As the internet became a bigger part of life, I would search for her occasionally without results. I had no idea how someone like her could just disappear. Then last July I ran across Anne Halliburton Moore on Her address was Springfield, Virginia—just outside DC, right where she should be. And I was thrilled to find her.

I wrote her one more a letter.

A few days later our answering machine was blinking. It was a message from a young woman, Meghan Moore, who said she had something to tell me about her mother.

I called the number, and Meghan told me that Anne had died of ovarian cancer in 1997, when she was 42 and Meghan was only seven—the exact age her mother and I were when we began our childhood correspondence. Anne’s husband had raised Meghan and her sister alone. And I learned that not only had Anne died, but Anne’s younger brother and her parents were gone as well. Learning all of this hit me hard because, though I hadn’t contacted this family in many years, they represented part of my past that was now permanently erased.

Why did Anne, a young woman with so much promise, someone with so much to offer die so young? She had two young daughters to raise. She had dreams. Why did God take her? I don’t know.

A few days later I wrote to the Moore family. I found some old letters that Anne had sent me in high school and college, I found some photographs and mailed those as well. This was one gift I could give them that no one else could. And so these old letters became a way for Anne’s daughters to meet their mother as a child and a young woman.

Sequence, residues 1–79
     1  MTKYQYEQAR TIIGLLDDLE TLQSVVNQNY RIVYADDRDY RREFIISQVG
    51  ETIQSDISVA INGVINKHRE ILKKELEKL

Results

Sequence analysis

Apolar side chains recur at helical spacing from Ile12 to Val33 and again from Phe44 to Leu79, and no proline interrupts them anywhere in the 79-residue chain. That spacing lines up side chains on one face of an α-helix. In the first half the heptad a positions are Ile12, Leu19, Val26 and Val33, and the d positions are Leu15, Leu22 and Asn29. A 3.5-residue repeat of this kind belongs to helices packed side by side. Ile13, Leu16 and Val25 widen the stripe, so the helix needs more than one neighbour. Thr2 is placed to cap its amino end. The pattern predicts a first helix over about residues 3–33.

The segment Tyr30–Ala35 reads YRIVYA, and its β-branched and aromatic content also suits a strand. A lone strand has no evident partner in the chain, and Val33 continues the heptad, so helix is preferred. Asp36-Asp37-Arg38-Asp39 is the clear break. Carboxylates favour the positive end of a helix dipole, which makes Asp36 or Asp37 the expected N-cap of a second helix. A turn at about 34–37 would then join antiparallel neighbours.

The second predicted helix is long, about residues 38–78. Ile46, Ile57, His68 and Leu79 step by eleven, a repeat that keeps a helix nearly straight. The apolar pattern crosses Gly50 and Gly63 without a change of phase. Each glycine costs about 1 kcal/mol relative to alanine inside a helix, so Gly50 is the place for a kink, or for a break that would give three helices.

And for the first time in my life, I fully realized how wrong it was for me to resent growing older. Yes, this past week I turned 60. But I have had 18 years that Anne never had. How can I possibly be so ungrateful for having this gift of time? I’ve seen my son grow up. I’ve joined this church, experienced new places, met new friends and enjoyed old ones. I have had the privilege to do so many things that Anne did not.

I don’t share this story to set me apart. All of us have experienced loss of loved ones and we ask the same questions? Why them? Why not us? How are we to go on without them?

Our job is not to know all of the answers. Rather our job is to be open to and accept what God reveals to us, and he does this every day. We must stop and listen and correct course if need be. Fine tune the things we’re doing, make the most of the time we have left, for none of us knows how much time that is, do we?

While I was going through my old letter boxes looking for Anne’s letters, I ran across this diary. (HOLD UP DIARY) Yes, I’ve been a writer for a long time. When I began keeping the diary, “Turn Turn Turn,” the song by the Byrds was still being played on the radio—because it was a number one hit 12 months before I wrote this, my first diary entry on New Year’s Day.

Monday, Jan. 1, 1968.